Assessment in Action

Augusta University: Project Description

Page 1


Primary Outcome Examined (select one or more)

(No) Student Learning: Assignment

(No) Student Learning: Course

(No) Student Learning: Major

(No) Student Learning: Degree

(No) Student Engagement

Student Success

(No) Academic Intimacy/Rapport

(No) Enrollment

(No) Retention

(No) Completion

(No) Graduation

(No) Articulation

(No) Graduates' Career Success

(No) Testing (e.g., GRE, MCAT, LSAT, CAAP, CLA, MAPP)

Other (please describe)

Information Literacy

Primary Library Factor Examined (select one or more)


(No) Instruction: Games

(No) Instruction: One Shot

(No) Instruction: Course Embedded

(No) Instruction: Self-Paced Tutorials

(No) Reference

(No) Educational Role (other than reference or instruction)

(No) Space, Physical

(No) Discovery (library resources integrated in institutional web and other information portals)

(No) Discovery (library resource guides)

(No) Discovery (from preferred user starting points)

(No) Collections (quality, depth, diversity, format or currency)

(No) Personnel (number and quality)

(No) Other (please describe)

Student Population (select one or more)


(No) Graduate

(No) Incoming

(No) Graduating

(No) Pre-College/Developmental/Basic Skills

(No) Other (please describe)

Discipline (select one or more)

(No) Arts

(No) Humanities

Social Sciences

(No) Natural Sciences (i.e., space, earth, life, chemistry or physics)

(No) Formal Sciences (i.e., computer science, logic, mathematics, statistics or systems science)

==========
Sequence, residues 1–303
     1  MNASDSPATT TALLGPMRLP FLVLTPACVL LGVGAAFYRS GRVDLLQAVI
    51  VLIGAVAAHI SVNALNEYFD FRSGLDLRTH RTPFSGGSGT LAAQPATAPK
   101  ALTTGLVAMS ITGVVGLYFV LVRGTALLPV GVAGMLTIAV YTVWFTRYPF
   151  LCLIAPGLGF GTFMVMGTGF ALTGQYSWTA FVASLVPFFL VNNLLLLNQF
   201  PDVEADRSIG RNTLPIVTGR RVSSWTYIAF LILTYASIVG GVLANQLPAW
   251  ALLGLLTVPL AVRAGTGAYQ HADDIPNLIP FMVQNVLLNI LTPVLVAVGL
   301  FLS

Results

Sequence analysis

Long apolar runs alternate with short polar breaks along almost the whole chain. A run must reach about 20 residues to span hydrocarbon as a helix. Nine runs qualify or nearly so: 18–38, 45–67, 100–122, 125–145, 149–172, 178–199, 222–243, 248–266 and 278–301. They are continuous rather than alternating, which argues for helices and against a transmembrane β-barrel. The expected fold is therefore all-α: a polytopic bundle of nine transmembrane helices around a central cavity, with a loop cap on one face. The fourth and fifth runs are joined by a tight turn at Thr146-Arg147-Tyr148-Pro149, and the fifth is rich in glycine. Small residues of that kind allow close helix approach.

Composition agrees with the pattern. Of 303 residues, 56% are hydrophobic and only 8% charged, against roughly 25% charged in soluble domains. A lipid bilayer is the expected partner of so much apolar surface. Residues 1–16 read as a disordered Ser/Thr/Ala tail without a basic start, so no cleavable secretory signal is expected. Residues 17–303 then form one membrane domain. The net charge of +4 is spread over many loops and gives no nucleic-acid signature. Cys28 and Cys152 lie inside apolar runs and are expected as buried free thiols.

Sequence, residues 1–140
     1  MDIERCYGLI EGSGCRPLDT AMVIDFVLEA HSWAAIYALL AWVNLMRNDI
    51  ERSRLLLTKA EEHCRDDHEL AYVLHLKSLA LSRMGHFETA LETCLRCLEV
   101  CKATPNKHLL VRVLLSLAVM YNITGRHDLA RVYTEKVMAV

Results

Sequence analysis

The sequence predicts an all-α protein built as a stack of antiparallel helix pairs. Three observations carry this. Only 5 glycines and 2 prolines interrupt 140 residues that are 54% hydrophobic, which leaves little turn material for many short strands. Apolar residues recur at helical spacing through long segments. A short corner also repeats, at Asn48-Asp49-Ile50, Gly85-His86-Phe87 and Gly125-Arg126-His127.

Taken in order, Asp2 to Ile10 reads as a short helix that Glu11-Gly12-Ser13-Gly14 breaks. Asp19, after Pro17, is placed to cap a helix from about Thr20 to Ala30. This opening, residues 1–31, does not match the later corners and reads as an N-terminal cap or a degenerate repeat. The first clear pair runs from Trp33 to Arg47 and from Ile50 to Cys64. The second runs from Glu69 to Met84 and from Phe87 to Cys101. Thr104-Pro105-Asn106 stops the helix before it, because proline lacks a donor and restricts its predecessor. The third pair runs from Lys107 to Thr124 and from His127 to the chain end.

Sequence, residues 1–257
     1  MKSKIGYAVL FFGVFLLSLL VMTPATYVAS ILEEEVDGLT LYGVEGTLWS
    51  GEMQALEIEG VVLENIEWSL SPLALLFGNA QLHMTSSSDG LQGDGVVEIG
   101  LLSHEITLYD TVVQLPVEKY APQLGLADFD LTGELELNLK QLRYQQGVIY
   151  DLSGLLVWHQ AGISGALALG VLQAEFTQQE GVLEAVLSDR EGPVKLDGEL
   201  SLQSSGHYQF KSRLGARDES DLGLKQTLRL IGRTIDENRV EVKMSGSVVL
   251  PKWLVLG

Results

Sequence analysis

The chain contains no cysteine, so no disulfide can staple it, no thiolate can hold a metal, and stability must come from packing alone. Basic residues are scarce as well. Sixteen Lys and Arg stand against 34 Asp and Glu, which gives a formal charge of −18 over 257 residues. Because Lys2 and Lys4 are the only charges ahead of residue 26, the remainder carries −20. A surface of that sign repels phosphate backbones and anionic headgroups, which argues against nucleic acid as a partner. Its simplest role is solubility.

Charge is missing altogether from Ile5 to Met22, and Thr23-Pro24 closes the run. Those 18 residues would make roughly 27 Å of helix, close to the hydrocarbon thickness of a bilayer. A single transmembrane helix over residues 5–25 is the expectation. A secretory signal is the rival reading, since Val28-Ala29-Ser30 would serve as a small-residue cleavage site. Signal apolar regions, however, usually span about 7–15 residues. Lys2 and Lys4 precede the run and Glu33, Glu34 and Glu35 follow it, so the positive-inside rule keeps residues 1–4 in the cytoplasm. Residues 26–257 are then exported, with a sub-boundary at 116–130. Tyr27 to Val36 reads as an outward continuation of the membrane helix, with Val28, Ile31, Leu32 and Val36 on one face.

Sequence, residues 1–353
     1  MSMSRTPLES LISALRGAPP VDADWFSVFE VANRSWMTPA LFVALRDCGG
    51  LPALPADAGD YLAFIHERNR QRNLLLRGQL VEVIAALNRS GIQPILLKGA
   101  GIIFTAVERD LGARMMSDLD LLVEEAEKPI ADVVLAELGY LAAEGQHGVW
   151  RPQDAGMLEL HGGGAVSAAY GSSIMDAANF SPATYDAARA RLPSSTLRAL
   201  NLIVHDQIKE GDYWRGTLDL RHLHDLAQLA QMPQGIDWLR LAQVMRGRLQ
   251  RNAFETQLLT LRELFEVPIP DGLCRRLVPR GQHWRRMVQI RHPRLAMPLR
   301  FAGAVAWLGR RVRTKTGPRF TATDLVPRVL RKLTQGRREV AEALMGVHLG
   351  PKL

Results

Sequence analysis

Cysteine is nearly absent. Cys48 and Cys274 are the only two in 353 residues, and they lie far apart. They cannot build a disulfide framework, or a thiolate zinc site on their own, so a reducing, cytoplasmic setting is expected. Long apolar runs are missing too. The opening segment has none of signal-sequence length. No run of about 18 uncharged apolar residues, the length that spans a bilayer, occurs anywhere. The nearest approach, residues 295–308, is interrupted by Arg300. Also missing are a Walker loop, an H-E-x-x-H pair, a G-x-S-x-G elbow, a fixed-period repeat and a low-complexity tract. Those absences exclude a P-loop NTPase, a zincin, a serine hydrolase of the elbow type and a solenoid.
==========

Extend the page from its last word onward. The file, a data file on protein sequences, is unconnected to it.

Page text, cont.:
(No) Professions/Applied Sciences

(No) English Composition

(No) General Education

(No) Information Literacy Credit Course

(No) Other (please describe)

AiA Team Members (select one or more)

(No) Assessment Office

(No) Institutional Research

Teaching Faculty

(No) Writing Center

(No) Information/Academic Technology

(No) Student Affairs

(No) Campus Administrator

(No) Library Administrator

(No) Other Librarian

(No) Other (please describe)

Instructional Technology

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Methods and Tools (select one or more)

(No) Survey

(No) Interviews

(No) Focus Group(s)

(No) Observation

Pre/Post Test


(No) Other (please describe)

Direct Data Type (select one or more)

(No) Student Portfolio

(No) Research Paper/Project

(No) Class Assignment (other than research paper/project)

(No) Other (please describe)

Indirect Data Type (select one or more)

(No) Test Scores

(No) GPA

(No) Degree Completion Rate

(No) Retention Rate

Other (please describe)

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Inquiry Question (150 words open)

What was the project's primary inquiry question?

  1. How will integrating key knowledge practices of the ACRL Framework for Information Literacy into library instruction affect student learning?

Executive Summary (150 words open)

  • How does the project align with your institution’s priorities and needs?
  • Why did you choose the outcome and library factor as areas to examine?
  • Why was the team composition appropriate?